No matter how fine the prose or stunning the photography, any literary attempt to capture the essence of a city will miss the mark on one key characteristic: scent. Urban centers are a menagerie of smells, including everything from the delicious—freshly-baked bread, sizzling garlic, taco trucks—to the atrocious—garbage trucks, roadkill, or the Abercrombie & Fitch cologne counter.
Now, first-time author Amber Jones will bring New York City's smells, both good and bad, to the page with a scratch-and-sniff children's book. Jones will whisk readers through 19 neighborhoods and 30 smells, including hot dogs, sewer steam, churros, and fish, following the adventure of one family's trip through the metropolis. Jones told The Guardian that the inspiration for the book arrived while sniffing her way in the direction of a pizza parlor, only to realize that she had stepped in horse manure. Overwhelmed by the scents around her, she decided to make an olfactory guide to the city.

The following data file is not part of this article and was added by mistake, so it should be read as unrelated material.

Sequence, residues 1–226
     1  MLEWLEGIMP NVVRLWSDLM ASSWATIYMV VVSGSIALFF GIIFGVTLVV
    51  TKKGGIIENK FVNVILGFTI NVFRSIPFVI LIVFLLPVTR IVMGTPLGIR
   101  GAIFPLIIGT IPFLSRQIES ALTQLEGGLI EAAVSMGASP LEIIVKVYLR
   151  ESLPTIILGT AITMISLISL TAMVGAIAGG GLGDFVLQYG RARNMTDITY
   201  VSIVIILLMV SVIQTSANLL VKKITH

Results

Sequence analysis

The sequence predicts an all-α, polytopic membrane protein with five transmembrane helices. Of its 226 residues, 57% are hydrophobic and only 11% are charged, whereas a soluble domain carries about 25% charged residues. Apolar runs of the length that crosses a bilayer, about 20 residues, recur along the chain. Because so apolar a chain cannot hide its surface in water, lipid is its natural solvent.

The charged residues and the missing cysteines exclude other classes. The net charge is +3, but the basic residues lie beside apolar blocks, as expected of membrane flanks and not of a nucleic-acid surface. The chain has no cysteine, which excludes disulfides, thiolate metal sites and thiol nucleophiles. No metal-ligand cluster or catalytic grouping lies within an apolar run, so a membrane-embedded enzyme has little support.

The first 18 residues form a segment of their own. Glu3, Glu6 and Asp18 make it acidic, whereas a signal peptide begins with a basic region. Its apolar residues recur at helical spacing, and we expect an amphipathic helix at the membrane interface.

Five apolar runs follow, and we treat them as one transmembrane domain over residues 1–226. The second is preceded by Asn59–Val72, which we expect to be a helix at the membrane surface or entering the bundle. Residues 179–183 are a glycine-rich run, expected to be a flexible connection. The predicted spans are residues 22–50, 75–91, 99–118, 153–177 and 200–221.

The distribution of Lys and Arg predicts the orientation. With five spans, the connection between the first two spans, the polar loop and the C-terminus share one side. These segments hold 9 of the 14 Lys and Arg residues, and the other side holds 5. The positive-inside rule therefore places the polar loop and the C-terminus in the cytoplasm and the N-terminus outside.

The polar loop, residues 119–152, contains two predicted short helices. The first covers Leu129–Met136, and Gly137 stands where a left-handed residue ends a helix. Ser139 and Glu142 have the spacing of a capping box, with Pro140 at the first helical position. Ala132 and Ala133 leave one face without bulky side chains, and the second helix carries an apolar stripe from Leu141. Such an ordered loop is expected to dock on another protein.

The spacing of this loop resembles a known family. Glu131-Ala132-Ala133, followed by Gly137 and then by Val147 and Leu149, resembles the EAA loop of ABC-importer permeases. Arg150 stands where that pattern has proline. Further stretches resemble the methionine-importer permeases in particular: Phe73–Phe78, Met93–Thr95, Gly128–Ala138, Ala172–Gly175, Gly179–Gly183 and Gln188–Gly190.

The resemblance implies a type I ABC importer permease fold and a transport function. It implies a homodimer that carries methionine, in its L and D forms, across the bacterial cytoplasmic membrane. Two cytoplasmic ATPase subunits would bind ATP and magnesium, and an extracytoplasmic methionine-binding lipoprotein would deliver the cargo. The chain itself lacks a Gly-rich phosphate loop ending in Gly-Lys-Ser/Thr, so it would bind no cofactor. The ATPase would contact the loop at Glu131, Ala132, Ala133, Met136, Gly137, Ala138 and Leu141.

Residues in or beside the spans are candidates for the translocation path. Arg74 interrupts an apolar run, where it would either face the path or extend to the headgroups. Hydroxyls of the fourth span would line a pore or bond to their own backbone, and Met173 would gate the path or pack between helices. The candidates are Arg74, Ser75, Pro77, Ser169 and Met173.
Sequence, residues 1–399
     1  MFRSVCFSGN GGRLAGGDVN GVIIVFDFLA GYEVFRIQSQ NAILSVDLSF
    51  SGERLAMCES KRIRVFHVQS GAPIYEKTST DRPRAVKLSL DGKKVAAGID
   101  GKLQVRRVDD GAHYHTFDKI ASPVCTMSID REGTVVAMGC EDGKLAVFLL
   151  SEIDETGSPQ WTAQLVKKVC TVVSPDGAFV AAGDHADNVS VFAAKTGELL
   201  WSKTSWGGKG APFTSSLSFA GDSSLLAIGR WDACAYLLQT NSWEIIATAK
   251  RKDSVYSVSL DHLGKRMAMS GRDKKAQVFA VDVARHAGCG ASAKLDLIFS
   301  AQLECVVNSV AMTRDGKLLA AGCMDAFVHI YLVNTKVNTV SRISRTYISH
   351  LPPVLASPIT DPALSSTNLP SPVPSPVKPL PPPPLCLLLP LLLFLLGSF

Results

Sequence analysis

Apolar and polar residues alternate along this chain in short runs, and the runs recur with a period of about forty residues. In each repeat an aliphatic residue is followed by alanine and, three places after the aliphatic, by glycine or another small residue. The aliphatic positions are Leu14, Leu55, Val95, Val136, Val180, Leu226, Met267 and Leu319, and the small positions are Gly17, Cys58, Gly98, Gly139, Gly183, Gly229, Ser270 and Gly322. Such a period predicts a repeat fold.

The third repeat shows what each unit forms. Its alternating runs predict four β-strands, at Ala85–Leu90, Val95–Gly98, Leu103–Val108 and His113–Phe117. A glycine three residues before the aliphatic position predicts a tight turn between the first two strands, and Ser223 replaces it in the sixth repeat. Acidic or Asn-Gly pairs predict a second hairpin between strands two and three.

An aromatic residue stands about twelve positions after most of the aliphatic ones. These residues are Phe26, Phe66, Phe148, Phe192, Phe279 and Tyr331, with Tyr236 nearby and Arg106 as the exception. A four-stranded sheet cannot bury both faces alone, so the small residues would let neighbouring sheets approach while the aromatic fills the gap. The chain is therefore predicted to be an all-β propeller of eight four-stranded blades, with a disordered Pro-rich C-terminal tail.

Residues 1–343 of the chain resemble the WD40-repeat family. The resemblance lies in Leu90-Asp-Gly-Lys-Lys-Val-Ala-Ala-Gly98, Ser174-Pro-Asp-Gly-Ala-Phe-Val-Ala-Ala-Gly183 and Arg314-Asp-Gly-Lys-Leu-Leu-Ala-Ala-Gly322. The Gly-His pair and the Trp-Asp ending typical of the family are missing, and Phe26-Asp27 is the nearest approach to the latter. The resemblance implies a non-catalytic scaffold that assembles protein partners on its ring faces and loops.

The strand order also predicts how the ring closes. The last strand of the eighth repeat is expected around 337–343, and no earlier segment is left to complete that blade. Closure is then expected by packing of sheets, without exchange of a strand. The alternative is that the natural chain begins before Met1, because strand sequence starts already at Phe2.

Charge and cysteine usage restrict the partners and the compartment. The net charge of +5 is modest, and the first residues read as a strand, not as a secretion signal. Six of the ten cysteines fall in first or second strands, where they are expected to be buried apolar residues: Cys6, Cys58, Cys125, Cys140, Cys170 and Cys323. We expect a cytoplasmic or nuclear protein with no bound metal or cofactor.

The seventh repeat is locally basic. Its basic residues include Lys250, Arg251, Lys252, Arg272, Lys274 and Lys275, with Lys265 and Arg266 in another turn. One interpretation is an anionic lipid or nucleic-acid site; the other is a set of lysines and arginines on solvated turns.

Established publishers rejected Jones' idea, citing the cost of production and an assumption that readers wouldn't be interested in sniffing gross, albeit realistic, odors. She didn't what to neutralize the book's grit by including only fresh scents, so she opted to self-publish, and her Kickstarter campaign met its $20,000 funding goal last month. Check out the book's website to order a copy.